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    1. Lena

      I have never seen a workplace offer the same kind of flexibility as parents get, to non parents. People seem to be off with their kids so frequently, they have to take the school holidays off so good luck to the rest of us if we want a holiday then. I always have had to be the one to stay late or work weekends because I don’t have kids. It ends up making me bitter towards those people, even though really its managements problem.

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      1. Grapey

        My workplace has that but I admit it is rare, and it is totally management’s fault if they don’t hold up equal time off for everyone.

        However, I consider it a bonus that I’m not limited to school vacation times to take my vacations. For instance I am travelling to Europe for two weeks at the end of September. It’s both cheaper and less crowded, plus I don’t need to care about logistics of hauling kids around. Working a few weekends seems worth it for that sort of flexibility (but I’m still grateful I don’t even have to do that at my job.)

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      2. Anon today...and tomorrow

        Interesting. Since becoming a parent I’ve never worked for a company that has given preferential treatment to parents or non-parents. I’ve worked school holidays because I wasn’t able to get my request in before others. I’ve worked late because the work load required it. I’ve taken the written warning for attendance issues the year my son was diagnosed with asthma and he had a whole slew of sick days and MD appointments that required myself or my husband to take off work for (most unplanned) before he was diagnosed.
        I’m sure that these were not the norm, but as I’ve worked at three different companies over three different states I don’t think they’re that few and far between either. (All three companies are national companies and each have over 10K employees nationwide.) Frankly, I think the problem lies in the employee with kids who expects preferential treatment based on the “but I’m a parent!” argument. I’ve worked with many of those…one of them was a manager!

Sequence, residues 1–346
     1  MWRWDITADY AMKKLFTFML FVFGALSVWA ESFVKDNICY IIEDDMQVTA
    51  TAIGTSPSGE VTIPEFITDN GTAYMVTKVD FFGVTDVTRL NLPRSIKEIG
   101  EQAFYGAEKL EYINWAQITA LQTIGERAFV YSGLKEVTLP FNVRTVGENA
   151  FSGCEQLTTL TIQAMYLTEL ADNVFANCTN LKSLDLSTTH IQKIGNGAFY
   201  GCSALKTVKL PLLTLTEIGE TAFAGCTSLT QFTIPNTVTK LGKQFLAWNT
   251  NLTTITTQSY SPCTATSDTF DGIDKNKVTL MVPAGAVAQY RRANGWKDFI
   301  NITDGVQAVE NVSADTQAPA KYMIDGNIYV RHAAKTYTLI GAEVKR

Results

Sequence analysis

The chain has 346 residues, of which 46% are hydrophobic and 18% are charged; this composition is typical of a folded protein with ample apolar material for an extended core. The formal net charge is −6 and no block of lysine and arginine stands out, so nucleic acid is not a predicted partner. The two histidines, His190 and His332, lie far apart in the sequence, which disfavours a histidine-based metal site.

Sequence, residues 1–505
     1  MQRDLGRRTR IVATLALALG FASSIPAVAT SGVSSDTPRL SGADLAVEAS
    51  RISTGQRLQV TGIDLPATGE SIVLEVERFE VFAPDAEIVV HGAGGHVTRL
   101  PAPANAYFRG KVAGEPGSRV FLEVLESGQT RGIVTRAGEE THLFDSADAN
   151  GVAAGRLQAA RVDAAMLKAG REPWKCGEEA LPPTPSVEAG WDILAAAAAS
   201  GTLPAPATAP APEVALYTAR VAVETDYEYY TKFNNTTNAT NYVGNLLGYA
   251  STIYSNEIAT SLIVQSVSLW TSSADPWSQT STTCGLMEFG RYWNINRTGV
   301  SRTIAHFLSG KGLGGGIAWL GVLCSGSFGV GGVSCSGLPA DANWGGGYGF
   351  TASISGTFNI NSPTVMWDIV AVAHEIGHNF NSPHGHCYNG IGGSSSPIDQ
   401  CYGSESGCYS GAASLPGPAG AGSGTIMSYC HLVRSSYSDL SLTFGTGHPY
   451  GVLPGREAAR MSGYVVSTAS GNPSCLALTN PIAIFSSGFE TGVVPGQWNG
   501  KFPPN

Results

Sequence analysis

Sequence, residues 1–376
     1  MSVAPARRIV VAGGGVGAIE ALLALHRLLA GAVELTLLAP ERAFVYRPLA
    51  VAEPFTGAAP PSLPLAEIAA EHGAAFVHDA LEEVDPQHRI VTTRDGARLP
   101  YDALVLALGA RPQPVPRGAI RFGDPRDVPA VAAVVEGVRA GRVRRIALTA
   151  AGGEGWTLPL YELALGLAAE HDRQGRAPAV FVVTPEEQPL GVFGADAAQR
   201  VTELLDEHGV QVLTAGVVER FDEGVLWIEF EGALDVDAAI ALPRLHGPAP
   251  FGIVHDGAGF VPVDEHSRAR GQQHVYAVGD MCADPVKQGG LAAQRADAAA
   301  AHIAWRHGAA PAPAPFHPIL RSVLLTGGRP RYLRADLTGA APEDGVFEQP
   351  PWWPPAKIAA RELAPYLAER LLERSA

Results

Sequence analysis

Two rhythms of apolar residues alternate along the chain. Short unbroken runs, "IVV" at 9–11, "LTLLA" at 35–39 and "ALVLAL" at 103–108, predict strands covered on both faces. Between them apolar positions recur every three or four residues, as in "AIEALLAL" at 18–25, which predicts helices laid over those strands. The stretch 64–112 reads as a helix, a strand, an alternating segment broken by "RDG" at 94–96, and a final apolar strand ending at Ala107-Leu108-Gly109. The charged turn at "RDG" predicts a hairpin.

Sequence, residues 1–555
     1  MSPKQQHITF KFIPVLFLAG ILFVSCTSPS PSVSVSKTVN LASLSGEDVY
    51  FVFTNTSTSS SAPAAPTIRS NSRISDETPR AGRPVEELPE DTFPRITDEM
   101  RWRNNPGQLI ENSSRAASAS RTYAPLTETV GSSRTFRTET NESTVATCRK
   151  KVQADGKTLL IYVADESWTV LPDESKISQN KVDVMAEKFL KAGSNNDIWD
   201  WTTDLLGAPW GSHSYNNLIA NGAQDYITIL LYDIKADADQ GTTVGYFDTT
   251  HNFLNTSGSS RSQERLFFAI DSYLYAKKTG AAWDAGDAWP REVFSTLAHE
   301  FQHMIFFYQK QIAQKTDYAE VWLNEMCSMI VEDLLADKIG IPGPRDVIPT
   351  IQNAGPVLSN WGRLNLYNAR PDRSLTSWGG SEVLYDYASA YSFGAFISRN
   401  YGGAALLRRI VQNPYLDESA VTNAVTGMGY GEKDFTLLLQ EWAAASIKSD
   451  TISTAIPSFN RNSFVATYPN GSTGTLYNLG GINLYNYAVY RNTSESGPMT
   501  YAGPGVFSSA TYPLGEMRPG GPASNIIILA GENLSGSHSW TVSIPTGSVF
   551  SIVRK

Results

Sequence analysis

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      3. LoiraSafada

        I’ve never received the kind of support or flexibility that the parents I’ve worked with have received. Not even close.

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  10. Zip Zap

    I think it’s great when people bring their kids to work. As soon as the parent turns their back, I hand the kid my laptop and say, “Ok, answer the first 100 emails. I’ll be back in an hour. Text me if you have any questions.”

    Joking, of course.

    I agree that it’s insensitive. Personally, I don’t mind unless it’s frequent and disruptive, but I think it is inconsiderate to people who might have health issues or just not like kids.

    Bring Your Kid to Work Day is good, though. Then people who don’t want to meet the kids for whatever reason can take the day off.

    Reply
    1. LS

      I’m curious about what type of health issues would make it uncomfortable for someone’s child to be in the office?

      Reply
      1. Cassivella